Housing is Healthcare: Coalition for the Homeless Releases Policy Recommendations to Limit Spread of COVID-19 Among Vulnerable Homeless New Yorkers, Ensure their Safety

Homeless New Yorkers Experience Compounding Risks from Exposure to COVID-19; Coalition Calls for Immediate Action From the City, State, and Federal Leaders

 Increased Hygiene Supply and Capacity for Self-Distancing Needed, Suspend Eligibility Hurdles for Families Entering Shelters, Monitor, Support, and House High-Risk Individuals  

NEW YORKAs New York and the nation grapple with the growing COVID-19 pandemic, the Coalition for the Homeless released a set of policy recommendations today for the City, State, and Federal governments to address the pandemic in a comprehensive and systematic way. These policy recommendations will be updated regularly to reflect the ever-changing reality on the ground.

The virus exposes the vulnerability of those living without the security and privacy of a home. With New York entering its fifth decade of a record-breaking homelesssness crisis, the Coalition is calling for immediate action, including increased hygiene supplies, expanded and more open surge drop-in center capacity for homeless New Yorkers on the streets, suspension of eligibility hurdles for families entering shelters, provision of private isolation space for homeless single adults, and preemptive identification of high-risk individuals for monitoring and support. 

“A significant percentage of homeless New Yorkers are considered at high-risk for COVID-19, including seniors as well as adults and children with underlying health conditions. Many of the current recommendations like self-quarantine and social distancing are impossible for homeless New Yorkers, who lack the security and privacy of a home. However, there are ways the Department of Homeless Services and our governing bodies can work together to ensure vulnerable populations like the homeless are well-supported and provided with critical resources in order to limit the spread of the virus and severity of its impact,” said Giselle Routhier, Policy Director at Coalition for the Homeless.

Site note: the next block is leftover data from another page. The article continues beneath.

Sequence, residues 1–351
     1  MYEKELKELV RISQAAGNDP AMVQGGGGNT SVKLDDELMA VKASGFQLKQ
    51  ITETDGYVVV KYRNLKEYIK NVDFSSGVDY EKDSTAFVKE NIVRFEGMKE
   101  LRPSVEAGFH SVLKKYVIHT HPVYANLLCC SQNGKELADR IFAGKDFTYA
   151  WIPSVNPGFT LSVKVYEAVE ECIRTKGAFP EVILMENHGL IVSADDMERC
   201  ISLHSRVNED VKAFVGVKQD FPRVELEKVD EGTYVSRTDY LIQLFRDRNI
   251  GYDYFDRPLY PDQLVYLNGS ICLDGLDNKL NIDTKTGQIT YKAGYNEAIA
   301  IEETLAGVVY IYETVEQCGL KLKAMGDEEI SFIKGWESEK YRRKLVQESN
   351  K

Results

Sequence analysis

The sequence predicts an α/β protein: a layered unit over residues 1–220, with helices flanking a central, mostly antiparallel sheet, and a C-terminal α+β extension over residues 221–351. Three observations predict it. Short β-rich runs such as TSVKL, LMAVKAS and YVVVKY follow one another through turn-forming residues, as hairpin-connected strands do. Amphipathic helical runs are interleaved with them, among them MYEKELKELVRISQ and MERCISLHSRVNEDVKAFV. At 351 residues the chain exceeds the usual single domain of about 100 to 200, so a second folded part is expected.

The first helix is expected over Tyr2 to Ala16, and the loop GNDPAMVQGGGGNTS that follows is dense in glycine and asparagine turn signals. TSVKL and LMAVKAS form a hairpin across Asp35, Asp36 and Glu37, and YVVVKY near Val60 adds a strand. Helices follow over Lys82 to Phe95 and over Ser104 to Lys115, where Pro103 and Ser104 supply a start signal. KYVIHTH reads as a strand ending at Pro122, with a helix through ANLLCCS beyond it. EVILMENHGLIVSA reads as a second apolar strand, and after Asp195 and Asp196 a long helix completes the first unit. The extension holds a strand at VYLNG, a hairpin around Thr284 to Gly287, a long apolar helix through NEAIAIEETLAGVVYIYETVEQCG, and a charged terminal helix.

Shelter and Outreach Policies

  • DHS must immediately suspend all eligibility investigations for families applying for shelter at PATH and AFIC, provide immediate needs placements to all households coming through the front door, and cease requiring that children report to PATH for any reason.

  • DHS must implement thorough up-front screening and triage for all people entering all shelters, including deploying the use of thermometers to take people’s body temperature.

  • DHS must preemptively identify people in shelters and known to outreach teams who are at high risk for exposure and infection, provide isolation options for them, and monitor them closely for symptoms.

  • DHS must provide private space for isolation of symptomatic individuals, either through hotels, unused hospital space, or other available single room occupancy locations.

    • Other methods of isolation for groups of shelter residents at high risk may need to be explored.

  • DHS must ensure that individuals who are unsheltered have access to basic hygiene supplies, including hand sanitizer, socks, blankets, wipes, and any other items they may need to keep themselves warm, dry, and healthy.

  • The City must immediately provide access to public restrooms for individuals sleeping on the streets and in transit systems.

  • DHS must expand drop-in center capacity and provide expanded resources for individuals needing showers, bathrooms, indoor space, and supplies. Unused facilities should be brought on line quickly in order to give homeless people safe indoor spaces in which to obtain these services.

  • DHS must provide clear, constant, and up-to-date communication to individuals living in shelters and on the streets. Multiple types of communication should be provided, including written materials and a hotline to answer questions or provide basic information.

  • DHS must ensure all shelters are adequately staffed to provide basic needs and safety.

  • DHS must make sure shelter staff have adequate access to supplies that will help them stay safe while working, including but not limited to disinfecting wipes, hand sanitizer, soap, face masks, and gloves.

  • DHS must immediately suspend the Income Savings Plan program for single adults and halt its planned implementation for families.

  • DHS, in conjunction with DOE, must make sure all homeless students in shelters have the space and technology, including WiFi, to participate in remote learning.

Public Assistance

  • New York State must immediately authorize basic needs allowances for individuals in shelters and on the streets, including for those who are presently receiving the much smaller personal needs allowances.

  • New York State must immediately suspend local requirements to pay shelter rent or participate in mandatory savings programs or program fee agreements as a condition of receiving shelter.


  • The Federal government should provide significant emergency funds for housing assistance to New York City, including Section 8 vouchers and the Disaster Housing Assistance Program, for individuals and families experiencing homelessness.

  • New York State must immediately pass and fully fund the Home Stability Support program (HSS) in the State budget.

  • New York State and City must continue the moratorium on evictions until such time as the economy has fully recovered

See full recommendations